Thanks for sharing, Kristin. So glad you feel better. Hang in there.


Claire June 29, 2013 at 12:39 am

Kristin, I totally relate! I was always the primary breadwinner in my house. It broke my heart to have to go back to work fulltime when my son was 3 months old. It put a huge strain on our marriage. Thankfully by the time my son was 18 months old I was able to cut my hours to part-time. I hope that your husband’s business picks up and you are able to be home more in the future.


Carrie June 28, 2013 at 3:38 pm

Yes, I totally understand this. A very smart doula I interviewed once on my site said that “even when you choose something, it’s okay to grieve when it’s difficult.” I LOVE that.

I have a large blended family of 9, and we homeschool, and I run a few blogs… it’s hard sometimes. I’m tired, the 3 year old is being a total pain, it’s hot as youknowwhat out, and I want to pack up and go to France for a month. I don’t want to complain, for all the reasons you mentioned above, and because I CHOSE this hard life. Thanks for this!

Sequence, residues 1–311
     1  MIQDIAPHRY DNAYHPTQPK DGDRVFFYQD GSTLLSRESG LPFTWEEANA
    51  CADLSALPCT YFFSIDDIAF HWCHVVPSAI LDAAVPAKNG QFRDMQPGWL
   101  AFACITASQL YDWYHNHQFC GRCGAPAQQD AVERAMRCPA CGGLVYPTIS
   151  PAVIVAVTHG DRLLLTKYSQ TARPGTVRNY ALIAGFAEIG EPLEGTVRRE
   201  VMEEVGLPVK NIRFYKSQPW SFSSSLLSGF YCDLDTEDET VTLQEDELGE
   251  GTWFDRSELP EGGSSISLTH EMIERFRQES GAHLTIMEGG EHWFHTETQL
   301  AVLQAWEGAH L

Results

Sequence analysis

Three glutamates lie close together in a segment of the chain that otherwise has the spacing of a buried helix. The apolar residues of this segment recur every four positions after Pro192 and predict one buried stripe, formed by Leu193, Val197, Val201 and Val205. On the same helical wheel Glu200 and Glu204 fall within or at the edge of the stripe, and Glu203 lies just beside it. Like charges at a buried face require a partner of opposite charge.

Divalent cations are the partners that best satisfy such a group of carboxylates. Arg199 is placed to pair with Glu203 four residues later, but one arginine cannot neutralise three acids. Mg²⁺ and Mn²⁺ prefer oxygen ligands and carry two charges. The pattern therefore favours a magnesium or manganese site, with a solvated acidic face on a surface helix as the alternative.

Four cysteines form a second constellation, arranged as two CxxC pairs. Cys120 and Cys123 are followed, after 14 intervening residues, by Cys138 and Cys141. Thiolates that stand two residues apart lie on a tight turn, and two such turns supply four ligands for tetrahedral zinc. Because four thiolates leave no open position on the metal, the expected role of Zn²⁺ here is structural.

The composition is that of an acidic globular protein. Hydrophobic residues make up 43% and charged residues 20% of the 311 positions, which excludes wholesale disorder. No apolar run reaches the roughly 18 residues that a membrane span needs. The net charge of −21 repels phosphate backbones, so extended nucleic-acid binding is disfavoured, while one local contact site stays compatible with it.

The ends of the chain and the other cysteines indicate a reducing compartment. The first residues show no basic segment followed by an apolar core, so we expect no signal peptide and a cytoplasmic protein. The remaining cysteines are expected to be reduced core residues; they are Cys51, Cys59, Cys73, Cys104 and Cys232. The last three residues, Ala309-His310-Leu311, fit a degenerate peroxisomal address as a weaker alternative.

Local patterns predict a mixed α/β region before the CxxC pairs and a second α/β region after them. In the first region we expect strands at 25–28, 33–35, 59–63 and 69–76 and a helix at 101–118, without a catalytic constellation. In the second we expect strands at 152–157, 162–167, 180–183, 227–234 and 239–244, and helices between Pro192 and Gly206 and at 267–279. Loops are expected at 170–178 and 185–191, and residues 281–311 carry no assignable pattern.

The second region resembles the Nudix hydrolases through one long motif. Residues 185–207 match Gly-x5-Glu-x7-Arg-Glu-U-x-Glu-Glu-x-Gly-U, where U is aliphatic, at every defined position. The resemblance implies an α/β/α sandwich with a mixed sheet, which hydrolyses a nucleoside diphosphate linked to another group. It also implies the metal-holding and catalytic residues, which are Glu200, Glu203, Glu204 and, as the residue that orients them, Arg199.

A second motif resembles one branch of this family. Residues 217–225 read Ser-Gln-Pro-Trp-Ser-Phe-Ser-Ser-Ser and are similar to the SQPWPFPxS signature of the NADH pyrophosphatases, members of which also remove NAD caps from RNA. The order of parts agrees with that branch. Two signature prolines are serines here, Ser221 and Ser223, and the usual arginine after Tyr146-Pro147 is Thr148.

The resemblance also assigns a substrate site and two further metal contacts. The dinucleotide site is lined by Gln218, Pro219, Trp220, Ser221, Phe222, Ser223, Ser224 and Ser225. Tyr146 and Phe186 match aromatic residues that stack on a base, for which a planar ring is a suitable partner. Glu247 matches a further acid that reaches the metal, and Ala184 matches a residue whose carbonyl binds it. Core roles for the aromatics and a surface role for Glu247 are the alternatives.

Sarah Powers June 28, 2013 at 5:17 pm

Oh Carrie, I LOVE that too. Thanks so much for sharing.


Kristen June 28, 2013 at 3:42 pm

Aaah, I SO appreciate that I stumbled upon your website… Perhaps God is listening because I am having a hard time right now and I can relate to your post. I do agree that my day job is exactly what I’ve always wanted to do – be home with my soon to be 2 year old son and almost 4 – going on 13 – daughter, but today is a day I’d like to scream!! Our master plan is to have 3 kids but I’m not sure I’ll make it there or at least with my sanity intact. The million dollar question for me, how do I get my almost 4 year old daughter to listen?!?! Some days it feels like it’s me against her, my son and even the dog! Even though I don’t want to complain, ask for help or admit that as much as I wouldn’t change my situation for the world, being a SAHM is hard from time to time. Thanks for listening! :)